Feeds:
Posts
Comments

Posts Tagged ‘atheist bus’

I went to a debate last week at the main Foyles bookshop in Charing Cross Road. The topic was ‘secularism’ and its many meanings, in the light of recent controversies about faith schools, aggressive atheists, anti-burqa legislation in France, and of course the state visit of Pope Benedict to the UK.

I don’t want to summarise the content of the discussion here (good though it was), just to comment on how well the evening worked. It was a genuine debate. Eight people sitting round a table having their say. Chaired in a way that allowed the conversation to flow, and move in unexpected directions. Plenty of time to hear from the floor. People not afraid to speak their mind, or admit that their mind was not yet fully formed; people prepared to say something uncertain or unsettling.

There were no votes; no winners or losers. Everyone, I think, came a way a little more enlightened. It reassured me that public debate about controversial issues is still possible, and that there are people willing to argue and to listen.

The debate was organised by the Institute of Ideas. Their big ‘Battle of Ideas‘ weekend is coming up on 30-31 October. Take a look at the amazing selection of topics up for discussion that weekend, in a single venue. This video is from the run up to last year’s Battle of Ideas.

Claire Fox, the director of the Institute, explains the vision here:

The Battle of Ideas festival, now in its sixth year, is very much about a PUBLIC conversation. Since its inception ten years ago, the Institute of Ideas (IoI) has sought to interrogate orthodoxies and debate the challenges facing society, and to make these things public activities. We put an emphasis on audience participation, and the festival is open to anyone with intellectual curiosity and the courage to think critically.

This public orientation may not seem so unusual these days. The rhetoric of public engagement is all pervasive. In politics, much is made of maximising the public’s involvement: ‘People Power’ is the slogan of the UK’s Big Society. Everywhere from science to the arts, participation and crowd sourcing are buzzwords. At the IoI, though, we are sceptical about this flattering rhetoric. Many initiatives look like paper exercises in connecting to an imaginary public. When confronted with the real thing, too often our leaders recoil in horror. When the last Prime minister expressed his contempt for ‘that woman’ in the infamous Bigotgate incident, he gave a glimpse of what those who run society really feel about ordinary people. How dare we offend today’s politically correct etiquette or ask awkward questions?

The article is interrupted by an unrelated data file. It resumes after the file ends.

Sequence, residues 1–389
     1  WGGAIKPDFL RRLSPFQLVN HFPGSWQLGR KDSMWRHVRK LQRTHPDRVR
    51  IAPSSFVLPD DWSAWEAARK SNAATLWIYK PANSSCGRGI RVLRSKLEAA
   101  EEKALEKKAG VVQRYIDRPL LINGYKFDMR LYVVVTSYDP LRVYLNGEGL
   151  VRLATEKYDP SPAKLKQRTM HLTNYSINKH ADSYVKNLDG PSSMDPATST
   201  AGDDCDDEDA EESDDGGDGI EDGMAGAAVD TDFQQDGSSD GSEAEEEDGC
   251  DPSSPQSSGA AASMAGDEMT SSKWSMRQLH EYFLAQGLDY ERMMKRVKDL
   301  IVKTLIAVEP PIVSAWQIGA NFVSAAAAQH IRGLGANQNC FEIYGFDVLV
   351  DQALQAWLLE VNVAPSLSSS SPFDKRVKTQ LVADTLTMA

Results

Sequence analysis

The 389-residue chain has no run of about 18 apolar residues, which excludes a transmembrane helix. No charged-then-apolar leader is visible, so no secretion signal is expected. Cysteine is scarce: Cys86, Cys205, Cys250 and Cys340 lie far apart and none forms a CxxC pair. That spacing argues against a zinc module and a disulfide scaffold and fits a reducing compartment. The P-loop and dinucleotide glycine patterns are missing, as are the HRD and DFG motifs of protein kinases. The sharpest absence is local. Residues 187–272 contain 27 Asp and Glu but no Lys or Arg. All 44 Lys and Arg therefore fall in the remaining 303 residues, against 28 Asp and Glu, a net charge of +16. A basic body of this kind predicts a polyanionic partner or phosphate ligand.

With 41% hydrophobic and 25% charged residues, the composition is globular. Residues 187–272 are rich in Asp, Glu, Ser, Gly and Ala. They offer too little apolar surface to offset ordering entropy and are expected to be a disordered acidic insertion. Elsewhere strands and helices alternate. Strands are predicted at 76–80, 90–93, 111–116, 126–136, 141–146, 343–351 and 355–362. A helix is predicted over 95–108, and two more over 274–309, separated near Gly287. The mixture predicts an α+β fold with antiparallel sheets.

The rise of an illiberal liberalism silences genuine public challenges to received wisdom. One arena where this intolerance of unfashionable ideas is clearly expressed is in discussions about religion and how secular society should accommodate it, or not. We will tackle these topics head-on at the festival. As the name suggests, the Battle of Ideas is not afraid of dissenting opinions and encourages people to speak their minds and battle over difficult issues. The festival’s motto is FREE SPEECH ALLOWED.

What faux engagement initiatives lack is any content to inspire and engage the public’s minds and passions. Historically, what has moved millions to act upon the world and change things for the better has been big ideas, such as freedom, progress, civilisation and democracy. Today we are offered the thin gruel of ‘evidence-based policy’. When we are told that scientific research demands particular courses of action, ever increasing areas of politics are ruled out-of-bounds for democratic debate; ideas and morality are sidelined by facts and statistics. In contrast, the Battle of Ideas is a public square within which we can explore the crisis of values, and start to give human meaning to trends too often presented fatalistically and technically.

Despite the fashion for ‘localism’, we need to expand our gaze beyond our own back yards. With this in mind, on the IoI’s tenth anniversary, we are launching the Battle of Ideas as an international project. We have a series of Battle Satellite debates in India, the US and Europe, and have invited as many international speakers as resources have allowed. We not only look abroad for intellectual renewal, but also to the past. In a strand of debates on history, we assess whether we can make the best that has been thought and known a source of future inspiration; standing on the shoulders of giants and reinvigorating their ideas for a new era.